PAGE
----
Holocaust & Memory Reframed –
The aim of the project ‘Holocaust and Memory Reframed’ was to produce a series of international art installations and initiatives based at the Lake District Holocaust Project over two summer and autumn periods in 2016 and 2017.
The four exhibitions look at work that explores aspects of Post Holocaust arts and culture and relate to “the representation of the unrepresentational”.
Fourth & final exhibition for this project: “yromem” – Miroslaw Balka
We are delighted that one of the World’s leading contemporary artists, Miroslaw Balka, agreed to conclude this remarkable two year programme with a powerful installation entitled “yromem”. The exhibition in The Lake District Holocaust Project premises on the first floor of the Windermere Library building, is open until November 4, 2017.
Miroslaw lives in Otwock, Poland, a town that, before World War 2, had a very large Jewish population and his work remains rooted in the place of his birth. He deals with both personal and collective memories, especially in relation to his Catholic upbringing and the collective experience of Poland’s fractured history.
Miroslaw has exhibited in leading galleries throughout the world, including the Turbine Hall in the Tate Modern, the Venice Biennale and recently in a retrospective “CROSSOVER/S” at the Pirelli Hangar Bicocca in Milan.
Sir Nicholas Serota, former head of Tate Modern and now Chairman of Arts Council England, describes his work as both “beautiful and unsettling. He suggests that “there could be no finer or appropriate context for one of his exhibitions than the Lake District, the spiritual home of English Romanticism, which also has connections to one of the defining moments of human history, the Holocaust”.
Part 3 – Hidden Threads
The third exhibition Hidden Threads in the series for Holocaust & Memory Reframed displayed the work of Heather Belcher, a leading Textile Artist, from 6 July to 27 August.
Heather, who works mainly in felt, based two of her large scale pieces on a coat which was donated to Platt Hall Gallery of Costume in Manchester. The coat was made by Mayer Hersh one of the child Holocaust Survivors in 1963. Heather visited Platt Hall and took detailed photographs and measurements of the coat for reference for her pieces The Naming & The Named.
Time spent in the company of survivors is time spent in the company of those who experienced and witnessed events that are indescribable and yet these witnesses hold out their hands to us and try to explain, and we hold out our hands to them in the attempt to understand.
We know that they speak not only for themselves but also for those lost in the Holocaust……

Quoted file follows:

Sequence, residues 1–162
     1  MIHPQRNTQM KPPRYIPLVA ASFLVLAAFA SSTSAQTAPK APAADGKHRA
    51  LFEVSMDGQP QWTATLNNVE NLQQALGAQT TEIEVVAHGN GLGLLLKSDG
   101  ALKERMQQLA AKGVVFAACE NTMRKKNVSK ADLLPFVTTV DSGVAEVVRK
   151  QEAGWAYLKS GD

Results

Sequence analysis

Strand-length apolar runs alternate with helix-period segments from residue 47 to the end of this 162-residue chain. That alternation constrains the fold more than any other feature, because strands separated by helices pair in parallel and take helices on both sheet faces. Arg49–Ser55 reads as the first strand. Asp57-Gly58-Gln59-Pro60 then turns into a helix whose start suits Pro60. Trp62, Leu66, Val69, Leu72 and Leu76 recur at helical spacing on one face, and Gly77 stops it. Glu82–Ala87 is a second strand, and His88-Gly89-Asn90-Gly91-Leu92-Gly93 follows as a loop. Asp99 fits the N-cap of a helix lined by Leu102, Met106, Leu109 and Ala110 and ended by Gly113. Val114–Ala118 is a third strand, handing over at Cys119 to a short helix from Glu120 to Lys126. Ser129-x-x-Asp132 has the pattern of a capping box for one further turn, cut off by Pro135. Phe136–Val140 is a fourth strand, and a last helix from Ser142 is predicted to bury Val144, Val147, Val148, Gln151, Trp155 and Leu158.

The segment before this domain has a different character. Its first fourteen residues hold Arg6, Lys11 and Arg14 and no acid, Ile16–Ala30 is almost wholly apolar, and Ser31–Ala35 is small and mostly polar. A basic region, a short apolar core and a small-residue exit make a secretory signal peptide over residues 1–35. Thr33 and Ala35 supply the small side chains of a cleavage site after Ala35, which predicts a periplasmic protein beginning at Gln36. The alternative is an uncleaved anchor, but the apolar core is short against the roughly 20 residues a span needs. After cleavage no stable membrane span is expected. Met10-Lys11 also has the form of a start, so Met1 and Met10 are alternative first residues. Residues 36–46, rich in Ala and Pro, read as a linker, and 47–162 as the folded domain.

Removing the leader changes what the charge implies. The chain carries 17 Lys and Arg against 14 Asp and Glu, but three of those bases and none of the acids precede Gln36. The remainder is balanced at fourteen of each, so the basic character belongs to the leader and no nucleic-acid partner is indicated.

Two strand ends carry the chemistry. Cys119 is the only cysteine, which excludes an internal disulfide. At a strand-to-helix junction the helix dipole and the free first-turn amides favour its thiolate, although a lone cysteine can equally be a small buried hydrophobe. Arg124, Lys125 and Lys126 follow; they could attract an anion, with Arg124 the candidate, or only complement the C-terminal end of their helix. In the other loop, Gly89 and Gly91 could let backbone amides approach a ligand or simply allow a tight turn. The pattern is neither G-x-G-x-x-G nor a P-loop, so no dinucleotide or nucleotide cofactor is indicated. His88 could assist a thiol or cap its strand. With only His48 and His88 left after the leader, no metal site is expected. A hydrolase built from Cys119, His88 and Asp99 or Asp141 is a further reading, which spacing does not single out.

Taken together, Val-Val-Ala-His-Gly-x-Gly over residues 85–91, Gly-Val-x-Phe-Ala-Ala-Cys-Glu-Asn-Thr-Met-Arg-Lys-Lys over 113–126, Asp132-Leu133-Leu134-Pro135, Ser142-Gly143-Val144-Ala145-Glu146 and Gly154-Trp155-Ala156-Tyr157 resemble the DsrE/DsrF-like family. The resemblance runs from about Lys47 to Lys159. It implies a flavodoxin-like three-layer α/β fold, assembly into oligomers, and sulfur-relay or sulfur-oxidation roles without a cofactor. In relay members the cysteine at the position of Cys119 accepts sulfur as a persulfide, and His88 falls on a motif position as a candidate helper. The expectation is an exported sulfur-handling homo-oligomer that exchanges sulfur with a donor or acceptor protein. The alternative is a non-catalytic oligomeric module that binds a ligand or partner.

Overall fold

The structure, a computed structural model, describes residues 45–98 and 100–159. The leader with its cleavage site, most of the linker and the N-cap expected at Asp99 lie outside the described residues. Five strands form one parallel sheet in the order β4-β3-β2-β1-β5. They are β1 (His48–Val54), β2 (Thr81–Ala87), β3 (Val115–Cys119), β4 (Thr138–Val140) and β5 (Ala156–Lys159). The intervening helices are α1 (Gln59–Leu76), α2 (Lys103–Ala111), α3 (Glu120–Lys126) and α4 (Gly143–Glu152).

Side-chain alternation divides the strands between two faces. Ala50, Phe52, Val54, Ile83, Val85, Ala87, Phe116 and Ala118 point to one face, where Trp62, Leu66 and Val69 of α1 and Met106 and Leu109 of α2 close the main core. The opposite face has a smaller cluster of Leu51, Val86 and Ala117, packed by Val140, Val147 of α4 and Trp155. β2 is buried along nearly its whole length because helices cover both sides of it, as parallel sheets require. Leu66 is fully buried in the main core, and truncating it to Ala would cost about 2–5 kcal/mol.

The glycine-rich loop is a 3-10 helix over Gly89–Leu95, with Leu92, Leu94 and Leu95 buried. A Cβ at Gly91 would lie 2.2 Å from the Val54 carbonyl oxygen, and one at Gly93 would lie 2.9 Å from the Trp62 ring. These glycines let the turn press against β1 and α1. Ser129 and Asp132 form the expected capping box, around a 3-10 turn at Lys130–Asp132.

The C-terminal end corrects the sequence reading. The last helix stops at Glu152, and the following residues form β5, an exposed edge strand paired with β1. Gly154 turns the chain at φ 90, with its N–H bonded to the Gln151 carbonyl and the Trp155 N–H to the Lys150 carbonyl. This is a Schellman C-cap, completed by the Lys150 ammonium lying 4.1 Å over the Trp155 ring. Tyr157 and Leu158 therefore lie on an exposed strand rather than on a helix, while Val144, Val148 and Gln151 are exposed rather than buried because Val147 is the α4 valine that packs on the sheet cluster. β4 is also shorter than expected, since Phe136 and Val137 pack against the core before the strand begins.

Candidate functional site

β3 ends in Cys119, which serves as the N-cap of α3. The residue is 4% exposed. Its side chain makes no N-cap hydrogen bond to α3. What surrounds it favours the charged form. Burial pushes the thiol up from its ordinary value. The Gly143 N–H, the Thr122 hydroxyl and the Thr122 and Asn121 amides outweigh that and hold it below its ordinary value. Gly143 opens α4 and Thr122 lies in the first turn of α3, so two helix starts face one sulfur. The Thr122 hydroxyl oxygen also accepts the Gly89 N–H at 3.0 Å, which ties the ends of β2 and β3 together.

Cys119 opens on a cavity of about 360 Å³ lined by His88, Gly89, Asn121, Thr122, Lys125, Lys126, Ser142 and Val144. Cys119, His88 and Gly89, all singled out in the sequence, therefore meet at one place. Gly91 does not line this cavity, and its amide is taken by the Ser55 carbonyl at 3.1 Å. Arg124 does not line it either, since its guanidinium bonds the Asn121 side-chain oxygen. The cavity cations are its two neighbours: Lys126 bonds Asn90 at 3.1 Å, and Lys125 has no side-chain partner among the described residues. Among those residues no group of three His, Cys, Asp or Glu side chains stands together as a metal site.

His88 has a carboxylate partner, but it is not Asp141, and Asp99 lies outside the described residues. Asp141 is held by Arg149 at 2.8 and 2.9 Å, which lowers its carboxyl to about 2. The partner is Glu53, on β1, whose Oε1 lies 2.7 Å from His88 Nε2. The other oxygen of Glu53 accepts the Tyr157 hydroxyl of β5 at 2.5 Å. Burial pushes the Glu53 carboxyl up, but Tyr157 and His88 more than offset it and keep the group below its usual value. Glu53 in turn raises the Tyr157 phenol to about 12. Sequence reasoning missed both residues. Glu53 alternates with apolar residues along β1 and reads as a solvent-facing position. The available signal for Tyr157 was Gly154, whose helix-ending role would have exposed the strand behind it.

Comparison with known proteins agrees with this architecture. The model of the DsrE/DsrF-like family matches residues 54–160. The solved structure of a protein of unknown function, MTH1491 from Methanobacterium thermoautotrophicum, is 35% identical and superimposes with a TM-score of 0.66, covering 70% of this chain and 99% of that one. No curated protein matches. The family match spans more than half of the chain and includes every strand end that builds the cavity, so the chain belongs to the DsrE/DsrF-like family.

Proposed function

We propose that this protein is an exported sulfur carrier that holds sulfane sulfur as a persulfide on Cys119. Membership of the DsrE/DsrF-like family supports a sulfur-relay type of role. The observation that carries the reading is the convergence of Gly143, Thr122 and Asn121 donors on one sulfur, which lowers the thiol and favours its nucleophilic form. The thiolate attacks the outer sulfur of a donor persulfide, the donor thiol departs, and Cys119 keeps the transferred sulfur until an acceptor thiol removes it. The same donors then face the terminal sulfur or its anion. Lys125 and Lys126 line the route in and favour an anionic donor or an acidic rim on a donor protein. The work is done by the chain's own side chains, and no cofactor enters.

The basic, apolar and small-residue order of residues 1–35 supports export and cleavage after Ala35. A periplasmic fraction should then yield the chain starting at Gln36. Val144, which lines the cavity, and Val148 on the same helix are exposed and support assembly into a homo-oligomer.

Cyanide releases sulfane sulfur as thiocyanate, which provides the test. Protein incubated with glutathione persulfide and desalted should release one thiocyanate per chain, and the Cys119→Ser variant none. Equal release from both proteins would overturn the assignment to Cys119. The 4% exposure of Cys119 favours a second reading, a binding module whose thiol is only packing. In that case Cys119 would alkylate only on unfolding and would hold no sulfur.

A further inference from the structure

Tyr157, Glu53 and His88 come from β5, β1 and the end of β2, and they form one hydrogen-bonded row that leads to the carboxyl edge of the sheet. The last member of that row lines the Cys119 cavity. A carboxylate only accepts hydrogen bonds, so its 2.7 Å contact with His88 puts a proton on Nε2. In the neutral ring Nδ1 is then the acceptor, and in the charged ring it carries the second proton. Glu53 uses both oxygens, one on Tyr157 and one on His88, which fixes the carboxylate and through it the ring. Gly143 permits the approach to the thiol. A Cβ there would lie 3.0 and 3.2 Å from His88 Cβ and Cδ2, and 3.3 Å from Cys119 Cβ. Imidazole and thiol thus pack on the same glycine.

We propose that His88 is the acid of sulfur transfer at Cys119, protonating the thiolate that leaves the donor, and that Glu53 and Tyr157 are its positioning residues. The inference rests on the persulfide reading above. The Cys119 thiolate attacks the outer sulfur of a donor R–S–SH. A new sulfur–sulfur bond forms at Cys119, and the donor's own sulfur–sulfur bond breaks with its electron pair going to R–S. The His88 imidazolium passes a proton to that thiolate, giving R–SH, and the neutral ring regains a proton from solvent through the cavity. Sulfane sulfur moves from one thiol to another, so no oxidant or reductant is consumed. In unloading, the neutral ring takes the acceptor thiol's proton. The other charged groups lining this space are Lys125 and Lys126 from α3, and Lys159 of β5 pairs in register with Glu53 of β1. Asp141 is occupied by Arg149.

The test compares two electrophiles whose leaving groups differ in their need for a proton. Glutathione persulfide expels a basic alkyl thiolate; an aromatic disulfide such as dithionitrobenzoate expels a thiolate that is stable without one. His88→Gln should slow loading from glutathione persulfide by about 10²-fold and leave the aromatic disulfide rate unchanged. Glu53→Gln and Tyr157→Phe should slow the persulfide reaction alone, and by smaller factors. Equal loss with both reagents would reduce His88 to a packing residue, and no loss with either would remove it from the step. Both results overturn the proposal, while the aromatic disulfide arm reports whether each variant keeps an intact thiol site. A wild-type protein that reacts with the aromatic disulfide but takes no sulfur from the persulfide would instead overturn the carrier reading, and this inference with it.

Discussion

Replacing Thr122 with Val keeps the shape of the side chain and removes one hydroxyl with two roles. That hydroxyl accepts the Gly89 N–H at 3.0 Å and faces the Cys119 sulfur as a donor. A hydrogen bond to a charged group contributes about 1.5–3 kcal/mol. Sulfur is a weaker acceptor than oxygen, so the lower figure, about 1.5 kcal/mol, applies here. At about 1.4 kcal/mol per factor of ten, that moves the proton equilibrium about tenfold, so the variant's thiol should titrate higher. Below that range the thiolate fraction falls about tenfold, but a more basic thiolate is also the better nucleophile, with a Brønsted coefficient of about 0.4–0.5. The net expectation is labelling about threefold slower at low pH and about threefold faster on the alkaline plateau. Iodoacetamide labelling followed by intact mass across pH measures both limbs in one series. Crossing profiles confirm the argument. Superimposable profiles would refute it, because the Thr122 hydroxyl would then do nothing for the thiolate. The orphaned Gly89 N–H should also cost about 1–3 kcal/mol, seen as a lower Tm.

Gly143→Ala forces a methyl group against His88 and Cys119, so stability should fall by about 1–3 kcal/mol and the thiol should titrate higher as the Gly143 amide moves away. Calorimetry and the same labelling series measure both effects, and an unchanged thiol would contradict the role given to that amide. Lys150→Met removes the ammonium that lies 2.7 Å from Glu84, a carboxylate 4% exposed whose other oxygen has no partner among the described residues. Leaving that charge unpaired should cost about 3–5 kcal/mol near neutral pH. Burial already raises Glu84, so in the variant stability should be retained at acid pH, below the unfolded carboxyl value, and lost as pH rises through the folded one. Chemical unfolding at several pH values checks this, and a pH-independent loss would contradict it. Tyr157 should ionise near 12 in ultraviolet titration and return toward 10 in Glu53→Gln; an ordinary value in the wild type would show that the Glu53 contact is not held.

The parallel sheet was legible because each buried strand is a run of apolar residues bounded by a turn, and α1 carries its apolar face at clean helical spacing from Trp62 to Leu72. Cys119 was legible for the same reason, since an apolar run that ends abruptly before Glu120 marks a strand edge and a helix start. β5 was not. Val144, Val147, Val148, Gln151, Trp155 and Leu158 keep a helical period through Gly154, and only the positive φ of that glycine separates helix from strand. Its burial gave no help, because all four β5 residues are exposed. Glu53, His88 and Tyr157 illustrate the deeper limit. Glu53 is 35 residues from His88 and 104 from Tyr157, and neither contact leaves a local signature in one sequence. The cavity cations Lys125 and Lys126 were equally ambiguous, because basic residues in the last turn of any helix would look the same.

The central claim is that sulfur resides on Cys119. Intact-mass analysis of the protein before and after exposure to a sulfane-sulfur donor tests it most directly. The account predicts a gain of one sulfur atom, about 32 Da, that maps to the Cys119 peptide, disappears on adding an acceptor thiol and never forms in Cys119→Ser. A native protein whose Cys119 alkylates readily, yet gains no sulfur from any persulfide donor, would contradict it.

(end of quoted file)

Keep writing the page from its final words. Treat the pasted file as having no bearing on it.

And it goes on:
As time passes then the question of how we engage with these time led changes is inexorable and we are duty bound to both honour the testimonies and to be a witness on behalf of the witnesses.
The ways in which we can do this will evolve along with the ways that people will engage with the testimonies. It is in this way that the context within which we negotiate with these testimonies will, in a quite profound way, be reframed.
A vital truth that lies at the core of these witness testimonies will remain though. We forget at our peril.
Arza Helfgott – In Harmony
The beautiful sculptural work by Arza was a perfect inclusion in our programme for 2017. For abstract and semi abstract work to function it must be the ideal vehicle for people to look and meditate, and for the impact to reach regions of the mind that are contemplative.
The Auschwitz Dandelion
An individual Arts Council Award to Trevor Avery for exhibition, workshops and publication. Trevor worked with both Rose Smith & Neasden Control Centre. An exhibition was displayed in April and May 2017.
For further details and more photographs about any of these exhibitions please visit
The Alfred Huberman Writing Award
Nearly 500 entries were received from both primary and secondary schools both in Cumbria, Lancashire and as far afield as Surrey and Sussex. The standard was exceptionally high.
The entries were read by officers of the Lake District Holocaust Project and sent to Catherine Edmunds for her judgment and finally to the Huberman family. Catherine is not only a writer and poet but also the daughter of one of the child Holocaust Survivors who came to the Lake District – Jana Tanner – and has written the story of her mother’s experiences in the Second World War in her book My Hidden Mother.
Catherine thought that “the best writing was superlatively good”. The decisions were unanimous and Shirley Huberman and her children, Maurice, Brian & Caroline made the final placement decisions.
More details can be seen at Alfred’s website http://alfredhuberman.com/
and on the Education page at